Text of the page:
(For those who are too young or too old to remember, Irangate or The Iran-Contra Scandal occurred during the second Reagan administration where the White House sold some weapons to Iran (which was under an arms embargo) and used the money to fund the revel Contras in Nicaragua which had been prohibited by the U.S. Congress.)

In short, reality trumped me back then as well.

When Donald Trump declared himself a candidate for President, I thought it was a joke. I thought he was a joke. After all, he ran before and went nowhere.

Now? Now he’s the Republican nominee for the highest office in the land and the most powerful person on the planet.

I think that’s a notion that American Horror Story could do a whole season on.

He has done and said things that would have sunk any other presidential candidate in memory. Just this week he praised Vlad Putin, the dictator of Russia, and even went on Russian TV to praise him and disparage President Obama. That was too much even for Bill O’Reilly.

I’ve watched countless Republicans in high positions who had to answer questions about it and looked like they were going to vomit in their mouths. They usually mumbled something along the lines of “I support the Party’s candidate.”

Look, I make no bones and no apologies for what I am – liberal and decidedly anti-Trump. I’m not nuts about Hillary Clinton and, frankly, I think if it had been almost any other person who was the Democratic candidate, they would be crushing Trump. I think, and hope, that she will in the end.

All that said, I cannot conceive that Trump will win this. I keep telling myself it’s not possible but, on the other hand, I never thought he would get this far either. I do not understand the appeal. I understand there’s a lot of anger out there and a lot of people are fed up with Washington but – c’mon! You seriously want the nuclear launch codes in Trump’s hands?

If this wasn’t what we laughingly call reality, there’s no way I could have sold this concept, this story, to an editor.

If The Donald wins the election, we’ll have an additional definition for the word, “trump.”

Fucked.

As in, we’ve all been well and truly… trumped.


John Ostrander is one of LB’s favorite writers in any medium. In addition to writing a zillion great Suicide Squad comic book stories, he also is the creator of Amanda Waller. Don’t forget to read his most excellent blog at ComicMix.

Posts TVWriter™ Wishes We’d Published

This week’s collection of recent articles from other websites about TV, TV writing, etc., etc., etc., including a couple about writing for television in places we in the U.S. don’t normally think about.

The plan here is for you to click on their headlines and visit the sites and read the posts in full…and is anybody asks, tell ’em TVWriter™ sentcha, okay?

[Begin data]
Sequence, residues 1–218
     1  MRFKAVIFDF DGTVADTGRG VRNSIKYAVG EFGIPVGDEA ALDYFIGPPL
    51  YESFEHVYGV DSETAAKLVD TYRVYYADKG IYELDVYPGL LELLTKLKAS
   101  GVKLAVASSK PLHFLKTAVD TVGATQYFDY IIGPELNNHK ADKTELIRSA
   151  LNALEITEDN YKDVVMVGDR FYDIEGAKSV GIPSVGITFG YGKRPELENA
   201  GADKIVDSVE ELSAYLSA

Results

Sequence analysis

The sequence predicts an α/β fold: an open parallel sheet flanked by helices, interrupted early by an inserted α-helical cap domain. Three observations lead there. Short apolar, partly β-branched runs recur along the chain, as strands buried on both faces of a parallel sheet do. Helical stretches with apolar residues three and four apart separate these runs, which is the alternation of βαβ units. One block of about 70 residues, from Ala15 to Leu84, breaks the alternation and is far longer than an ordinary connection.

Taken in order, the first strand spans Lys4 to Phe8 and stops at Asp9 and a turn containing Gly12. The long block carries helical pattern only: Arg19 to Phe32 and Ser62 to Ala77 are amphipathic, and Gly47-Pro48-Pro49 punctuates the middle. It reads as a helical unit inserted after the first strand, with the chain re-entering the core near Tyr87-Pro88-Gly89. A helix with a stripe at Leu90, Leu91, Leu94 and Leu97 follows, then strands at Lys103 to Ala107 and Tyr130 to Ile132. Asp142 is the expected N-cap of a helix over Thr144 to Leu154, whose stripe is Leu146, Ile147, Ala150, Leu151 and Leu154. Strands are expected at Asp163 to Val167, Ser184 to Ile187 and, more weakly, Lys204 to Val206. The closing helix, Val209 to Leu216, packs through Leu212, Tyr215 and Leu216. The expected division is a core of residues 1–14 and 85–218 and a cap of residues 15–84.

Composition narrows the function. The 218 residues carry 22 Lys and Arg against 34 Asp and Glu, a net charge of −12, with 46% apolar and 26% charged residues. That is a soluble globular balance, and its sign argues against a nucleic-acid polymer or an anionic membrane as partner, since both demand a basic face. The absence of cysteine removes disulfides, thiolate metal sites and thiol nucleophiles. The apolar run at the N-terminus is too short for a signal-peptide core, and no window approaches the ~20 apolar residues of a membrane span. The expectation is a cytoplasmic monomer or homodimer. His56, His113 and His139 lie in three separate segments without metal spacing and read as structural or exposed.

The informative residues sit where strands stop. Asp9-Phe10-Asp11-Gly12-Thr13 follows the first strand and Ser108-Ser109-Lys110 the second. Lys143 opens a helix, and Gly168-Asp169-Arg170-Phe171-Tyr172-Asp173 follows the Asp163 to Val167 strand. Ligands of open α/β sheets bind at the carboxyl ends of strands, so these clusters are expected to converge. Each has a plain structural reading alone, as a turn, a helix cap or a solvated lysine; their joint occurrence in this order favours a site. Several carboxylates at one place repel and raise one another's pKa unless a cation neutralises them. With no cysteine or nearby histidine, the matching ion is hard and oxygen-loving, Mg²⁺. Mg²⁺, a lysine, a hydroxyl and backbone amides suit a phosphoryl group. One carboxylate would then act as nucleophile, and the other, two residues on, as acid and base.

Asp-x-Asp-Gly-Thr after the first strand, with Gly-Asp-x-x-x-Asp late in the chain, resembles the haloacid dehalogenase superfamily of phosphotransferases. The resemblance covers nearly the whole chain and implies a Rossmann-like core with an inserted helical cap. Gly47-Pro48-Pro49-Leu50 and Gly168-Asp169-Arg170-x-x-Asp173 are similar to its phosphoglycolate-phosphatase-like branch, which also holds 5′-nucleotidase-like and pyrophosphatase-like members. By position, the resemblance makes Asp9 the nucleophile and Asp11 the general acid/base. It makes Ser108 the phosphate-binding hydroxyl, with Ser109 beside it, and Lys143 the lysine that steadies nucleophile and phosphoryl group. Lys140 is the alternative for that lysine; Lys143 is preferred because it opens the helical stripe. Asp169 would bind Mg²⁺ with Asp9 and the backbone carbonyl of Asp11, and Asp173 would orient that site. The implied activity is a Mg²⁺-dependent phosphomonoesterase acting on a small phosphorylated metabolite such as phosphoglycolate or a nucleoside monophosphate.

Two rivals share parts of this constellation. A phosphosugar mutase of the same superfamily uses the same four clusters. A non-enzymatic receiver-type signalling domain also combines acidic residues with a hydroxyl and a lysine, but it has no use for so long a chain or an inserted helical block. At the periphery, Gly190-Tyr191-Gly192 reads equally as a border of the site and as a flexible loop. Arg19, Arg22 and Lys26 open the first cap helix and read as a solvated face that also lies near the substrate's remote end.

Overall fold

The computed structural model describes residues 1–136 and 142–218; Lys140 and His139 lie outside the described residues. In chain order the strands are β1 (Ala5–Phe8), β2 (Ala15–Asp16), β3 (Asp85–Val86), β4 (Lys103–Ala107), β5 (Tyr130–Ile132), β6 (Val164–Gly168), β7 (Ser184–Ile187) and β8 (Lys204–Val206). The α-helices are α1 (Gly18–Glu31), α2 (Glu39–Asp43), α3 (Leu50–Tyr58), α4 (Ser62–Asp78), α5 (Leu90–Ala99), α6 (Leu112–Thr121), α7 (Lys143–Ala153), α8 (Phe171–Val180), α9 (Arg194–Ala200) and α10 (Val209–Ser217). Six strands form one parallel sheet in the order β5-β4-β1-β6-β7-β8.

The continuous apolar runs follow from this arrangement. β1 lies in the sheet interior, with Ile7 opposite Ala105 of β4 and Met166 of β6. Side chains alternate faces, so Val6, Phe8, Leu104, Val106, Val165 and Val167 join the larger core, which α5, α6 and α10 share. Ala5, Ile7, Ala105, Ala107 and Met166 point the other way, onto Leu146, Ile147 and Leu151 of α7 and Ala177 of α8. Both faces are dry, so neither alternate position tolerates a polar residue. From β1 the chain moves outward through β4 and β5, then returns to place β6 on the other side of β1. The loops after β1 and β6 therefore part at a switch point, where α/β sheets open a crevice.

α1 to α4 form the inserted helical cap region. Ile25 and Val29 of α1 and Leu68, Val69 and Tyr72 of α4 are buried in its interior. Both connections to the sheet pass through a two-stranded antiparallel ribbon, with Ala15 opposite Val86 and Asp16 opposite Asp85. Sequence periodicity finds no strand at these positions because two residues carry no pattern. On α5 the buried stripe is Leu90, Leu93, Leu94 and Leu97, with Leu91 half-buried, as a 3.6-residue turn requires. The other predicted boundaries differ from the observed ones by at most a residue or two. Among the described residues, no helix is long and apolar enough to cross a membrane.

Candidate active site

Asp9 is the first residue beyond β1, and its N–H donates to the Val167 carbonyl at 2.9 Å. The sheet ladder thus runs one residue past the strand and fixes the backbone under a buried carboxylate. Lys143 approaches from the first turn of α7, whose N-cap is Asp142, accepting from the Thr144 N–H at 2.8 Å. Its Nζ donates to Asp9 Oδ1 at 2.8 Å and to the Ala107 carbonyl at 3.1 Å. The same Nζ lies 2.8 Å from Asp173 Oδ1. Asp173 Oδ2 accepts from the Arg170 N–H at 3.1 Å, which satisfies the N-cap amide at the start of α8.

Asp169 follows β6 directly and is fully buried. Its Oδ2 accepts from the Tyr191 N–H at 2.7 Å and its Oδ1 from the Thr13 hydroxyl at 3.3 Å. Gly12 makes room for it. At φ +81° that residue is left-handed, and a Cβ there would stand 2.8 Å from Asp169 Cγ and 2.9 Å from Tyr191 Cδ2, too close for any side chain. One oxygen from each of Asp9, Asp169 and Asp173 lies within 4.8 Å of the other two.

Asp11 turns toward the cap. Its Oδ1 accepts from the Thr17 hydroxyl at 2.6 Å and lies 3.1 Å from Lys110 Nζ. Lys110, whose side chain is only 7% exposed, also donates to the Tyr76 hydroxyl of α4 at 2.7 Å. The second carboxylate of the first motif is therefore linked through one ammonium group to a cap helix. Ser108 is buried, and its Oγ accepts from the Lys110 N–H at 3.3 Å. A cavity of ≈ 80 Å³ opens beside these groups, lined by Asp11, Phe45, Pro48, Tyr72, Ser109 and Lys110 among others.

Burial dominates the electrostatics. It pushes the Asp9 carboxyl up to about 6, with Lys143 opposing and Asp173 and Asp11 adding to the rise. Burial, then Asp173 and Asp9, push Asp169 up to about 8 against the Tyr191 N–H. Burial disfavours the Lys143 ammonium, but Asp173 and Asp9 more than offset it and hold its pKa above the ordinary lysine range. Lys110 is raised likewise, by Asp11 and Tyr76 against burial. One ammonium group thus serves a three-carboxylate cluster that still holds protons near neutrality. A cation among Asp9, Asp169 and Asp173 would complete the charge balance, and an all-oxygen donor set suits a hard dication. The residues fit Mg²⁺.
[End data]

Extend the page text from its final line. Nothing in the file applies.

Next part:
What’s it like being a sought-after TV writer in Pakistan?
by Sadaf Siddique & Sadaf Haider

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When Faiza Iftikhar describes her lead character using an unprintable term and terms men ‘oxygen masks’, you know she’s a writer who won’t stick to the script.

Though we suspect that is mostly because she has trouble with total recall. She claims she is especially prone to forgetting the names of dramas that launched her career.

One would think that as a famed novelist and drama writer, she would have her every success on the tip of her tongue but in a lively, no-holds barred conversation Faiza Iftikhar proved that while she takes her work seriously… herself, not so much….

Natalie Dormer: ‘Writing my own film was illuminating’

Women In Film Los Angeles Celebrates The 2016 Crystal + Lucy Awards Presented by Max Mara and BMW Featuring: Natalie Dormer Where: Beverly Hills, California, United States When: 15 Jun 2016 Credit: FayesVision/WENN.com

he 34-year-old actress is most famous for her roles in movie franchise The Hunger Games and TV series Game of Thrones. But she has explored another talent in writing, after working with her film director fiance Anthony Byrne on new project In Darkness.

Resorted to ghost-writing to survive in showbiz
by Indervesh Yogee

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Mumbai, July 3 (IANS): “Love Ke Funday” writer-director Indervesh Yogee, who hails from Haryana, says to survive in the rat race in Bollywood, he even had to ghost-write and direct some projects. Now his debut film, a romantic comedy, is set to release on July 15.

The romcom “Love Ke Funday”, a film on today’s youth, is produced under FRV Big Business Entertainment Private Limited banner by Faaiz Anwar and Prem Prakash Gupta.

It was after he was appreciated for writing plays during his college days in Rohtak that Yogee thought about joining the film industry. He first tried his luck in Delhi, but when he saw there were people fleecing the gullible ones, he decided to make the shift to Mumbai….

Writing an Episode of Buffy the Vampire Slayer for the Toronto Screenwriting Conference 
by Greg David

buffy

A full-day experience in a television writers room taught me one thing: there is no such thing as a bad idea. My fascination with what occurs behind closed doors on a TV series was realized when I was given the opportunity to attend the Writers Guild of Canada’s Writers Room Intensive for this year’s Toronto Screenwriting Conference.

In a sunbathed room on the seventh floor at Entertainment One’s Toronto office last Friday, I watched as Wynonna Earp showrunner and executive producer Emily Andras welcomed participants Laura Ashley Seaton, Tim Kilby, Priscilla M. White, Keri Ferencz, Matt Doyle and Blain Watters, who worked together—fuelled by coffee, water and food—to break a spec script of Buffy the Vampire Slayer….